MALTHOUSE NUMBER 4

Overview

Heritage Category: Listed Building

Grade: II*

List Entry Number: 1148063

Date first listed: 25-Sep-1990

Statutory Address: MALTHOUSE NUMBER 4, SPRING ROAD

Map

Ordnance survey map of MALTHOUSE NUMBER 4
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Location

Statutory Address: MALTHOUSE NUMBER 4, SPRING ROAD

The building or site itself may lie within the boundary of more than one authority.

County: Dorset

District: Weymouth and Portland (District Authority)

National Grid Reference: SY 68122 78485

Summary

Legacy Record - This information may be included in the List Entry Details.

Reasons for Designation

Legacy Record - This information may be included in the List Entry Details.

History

Legacy Record - This information may be included in the List Entry Details.

Details

WEYMOUTH

SY6878SW SPRING ROAD 873-1/28/263 (East side) 25/09/90 Malthouse No.4

GV II*

Malthouse. 1889, by CR Crickmay and Son for Grove's Brewery. Flemish bond brickwork with red and Broadmayne bricks, and basement in rubble, slate roofs. PLAN: a large industrial unit in 3 parts; to left are 2 square kilns with pyramidal roofs, at centre a 6-bay gabled range in 3 storeys, basement, and attics, and to right a gabled cross-wing in 4 storeys with attic, and gabled projecting framed and boarded hoist. Small lean-to engine house projects forward from the northern end of the north-western elevation. EXTERIOR: the kilns are in 2 bays with flat piers stopped under a frieze band in yellow brick with red diaper pattern, and brick dentil eaves. The swept slate roofs have cast-iron hip tiles, and a short cast-iron circular ridge vent. The front has a lean-to unit, and a flight of stone steps to a door under a pent roof. To the left, in the narrow lane, a stepped plinth contains 2 blocked and 2 open basement lights, a wide light with bull-nosed brick sill at first floor, and small square lights cutting into the frieze; the plain rear, with brick piers, is set forward from the central range. A series of circular cast-iron plates holding bolted ties near the top of the kilns, probably part of the original construction of the inner apparatus. The openings in the remainder of the building generally have plain reveals, segmental brick heads, and steep sills in bull-nosed brick, with a square central light flanked by narrow verticals, generally shuttered rather than glazed. Those at the eaves are set in the frieze, and below the bays are divided by brick piers. Ground floor has a plank door inserted in bay 2, and in the rubble basement are 5 square openings, with bars, plus in bay 1, in brickwork, a wide segmental head over deep-set doors. The rear wall is similar in detail. There are plain flush yellow brick bands at sill level, and towards the left a raised gabled ridge-light with boarding. The tall gabled range has corner and central brick piers, the last stopped below the hoist, with 2 lights at 3 levels, and a pair of plank doors on a steep flight of steps to the right. The hoist is carried on steel beams to stone corbels, and has a band of casements at the top, with a further narrow band at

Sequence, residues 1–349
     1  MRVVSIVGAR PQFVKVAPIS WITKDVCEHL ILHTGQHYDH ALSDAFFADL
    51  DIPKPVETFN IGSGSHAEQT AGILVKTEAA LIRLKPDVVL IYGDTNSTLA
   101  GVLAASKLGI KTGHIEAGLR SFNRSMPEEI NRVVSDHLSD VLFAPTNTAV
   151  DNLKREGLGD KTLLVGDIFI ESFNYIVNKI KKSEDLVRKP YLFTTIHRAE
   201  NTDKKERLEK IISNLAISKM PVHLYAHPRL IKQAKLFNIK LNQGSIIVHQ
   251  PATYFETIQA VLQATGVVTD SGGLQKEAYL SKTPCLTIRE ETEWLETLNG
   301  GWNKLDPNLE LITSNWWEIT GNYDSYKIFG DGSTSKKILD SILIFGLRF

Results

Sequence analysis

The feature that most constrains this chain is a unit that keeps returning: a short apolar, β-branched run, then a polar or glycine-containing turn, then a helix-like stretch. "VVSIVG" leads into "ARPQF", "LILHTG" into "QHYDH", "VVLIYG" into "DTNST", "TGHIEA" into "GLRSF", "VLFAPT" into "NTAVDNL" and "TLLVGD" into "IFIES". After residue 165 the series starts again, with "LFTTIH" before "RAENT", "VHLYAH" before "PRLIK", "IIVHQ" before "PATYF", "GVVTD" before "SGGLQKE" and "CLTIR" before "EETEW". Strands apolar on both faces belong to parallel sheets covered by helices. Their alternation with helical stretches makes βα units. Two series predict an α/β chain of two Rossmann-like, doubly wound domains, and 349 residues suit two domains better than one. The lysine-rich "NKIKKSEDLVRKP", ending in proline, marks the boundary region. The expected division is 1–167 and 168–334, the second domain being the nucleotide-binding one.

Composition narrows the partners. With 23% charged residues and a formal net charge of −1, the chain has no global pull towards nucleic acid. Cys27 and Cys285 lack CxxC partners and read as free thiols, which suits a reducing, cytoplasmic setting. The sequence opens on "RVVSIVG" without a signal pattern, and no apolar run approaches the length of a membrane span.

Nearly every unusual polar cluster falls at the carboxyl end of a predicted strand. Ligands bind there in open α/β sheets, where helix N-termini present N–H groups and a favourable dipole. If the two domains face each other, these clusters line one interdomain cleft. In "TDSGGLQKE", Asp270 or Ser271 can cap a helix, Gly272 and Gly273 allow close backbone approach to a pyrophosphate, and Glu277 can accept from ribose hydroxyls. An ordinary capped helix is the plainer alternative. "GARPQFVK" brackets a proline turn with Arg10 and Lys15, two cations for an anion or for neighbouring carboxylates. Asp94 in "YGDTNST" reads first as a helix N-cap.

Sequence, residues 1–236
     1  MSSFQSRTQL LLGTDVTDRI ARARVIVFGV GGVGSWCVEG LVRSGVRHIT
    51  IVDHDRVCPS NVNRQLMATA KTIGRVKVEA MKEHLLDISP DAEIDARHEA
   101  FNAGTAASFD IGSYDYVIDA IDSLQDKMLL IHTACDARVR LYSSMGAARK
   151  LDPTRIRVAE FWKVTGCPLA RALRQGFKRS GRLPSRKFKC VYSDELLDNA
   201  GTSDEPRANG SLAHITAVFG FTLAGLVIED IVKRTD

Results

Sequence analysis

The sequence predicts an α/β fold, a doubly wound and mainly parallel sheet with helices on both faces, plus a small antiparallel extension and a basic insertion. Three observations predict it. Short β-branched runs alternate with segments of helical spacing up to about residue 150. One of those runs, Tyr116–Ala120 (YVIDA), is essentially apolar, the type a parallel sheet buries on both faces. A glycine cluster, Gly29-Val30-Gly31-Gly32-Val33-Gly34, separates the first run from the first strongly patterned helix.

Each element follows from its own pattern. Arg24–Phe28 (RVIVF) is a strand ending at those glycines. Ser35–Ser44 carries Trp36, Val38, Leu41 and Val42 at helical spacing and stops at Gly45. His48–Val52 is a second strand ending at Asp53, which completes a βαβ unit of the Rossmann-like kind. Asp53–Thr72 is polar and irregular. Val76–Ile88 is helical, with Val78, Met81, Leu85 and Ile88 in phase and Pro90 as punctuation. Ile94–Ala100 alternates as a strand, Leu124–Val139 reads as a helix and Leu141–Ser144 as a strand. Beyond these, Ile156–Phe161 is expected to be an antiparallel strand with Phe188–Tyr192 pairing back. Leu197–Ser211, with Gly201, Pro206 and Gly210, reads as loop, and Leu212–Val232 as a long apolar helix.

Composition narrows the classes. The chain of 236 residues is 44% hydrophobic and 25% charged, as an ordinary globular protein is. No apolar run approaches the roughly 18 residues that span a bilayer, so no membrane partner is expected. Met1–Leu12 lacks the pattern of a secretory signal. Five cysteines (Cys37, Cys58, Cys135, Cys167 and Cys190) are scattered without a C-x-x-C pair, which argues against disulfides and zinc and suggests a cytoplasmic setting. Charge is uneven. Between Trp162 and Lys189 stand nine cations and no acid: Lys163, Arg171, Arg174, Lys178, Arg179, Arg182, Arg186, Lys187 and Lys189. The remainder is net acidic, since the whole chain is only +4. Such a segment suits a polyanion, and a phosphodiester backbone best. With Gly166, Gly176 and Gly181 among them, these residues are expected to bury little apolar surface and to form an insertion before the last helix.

third-floor level. The gable has stepped projecting brick embellishment. The return front, to Horsford Road, is in 4 bays with piers joined to a stepped eaves band. At first and second floor levels there are small square vents (in a 1:2:2:1 pattern) below the windows, with prominent bull-nosed sills, and the rear gable has a bold stepped brick eaves over 3 small central stepped lights to flush stone lintels and sills, corner and central piers. There are 2 segmental-headed lights at ground and first floors. INTERIOR: is unaltered, with two 8 x 3-bay main malting floors with cast-iron columns and beams to shutter-built cement jack arches. The kilns are constructed utilising a rolled-iron framework with infill panels of shuttered cement with concrete strengthening. The kiln floors retain most of their perforated ceramic tiles. Two cast-iron hopper-bottomed steeps survive at the south-western end of the upper growing floor. All the barley and malt storage bins survive together with the linked barley and malt cleaning machinery. The building retains the only surviving example of the innovative Last's ventilation system which comprises rectangular holes in splayed openings containing adjustable cast-iron plates into which the words "LLEWELLINS & JAMES BRITOL LASTS PATENTS" are cast. These openings are positioned at regularly-spaced intervals in the south-western elevation and in the party wall between the kilns and the growing floors. A bucket elevator has been introduced at the western end of the growing floor range in the late C19 or early C20. A splendid example of the bold and forthright detailing characteristic of the "Functional Tradition" and the most significant element in an outstanding group with other brewery structures in the Hope Square area. Particularly notable in the context of the development of the C19 brewing industry for the innovative use of materials for this date, its complete state of interior preservation and as the only maltings to have retained the innovative "Lasts Patent" system for assisting draft to kiln. (Felstead A et al: Directory of British Architects 1834-1900: London: 1993-; Wright HE: A Handy Book for Brewers: 1897-: 71; RCHME report NBR No.90999 contains copies of original drawings).







Listing NGR: SY6812278485

Legacy

The contents of this record have been generated from a legacy data system.

Legacy System number: 467962

Legacy System: LBS

Sources

Books and journals
Felstead, A, Directory of British Architects 1834-1900, (1993)
Wright, H E, A Handy Book for Brewers, (1897), 71

End of official listing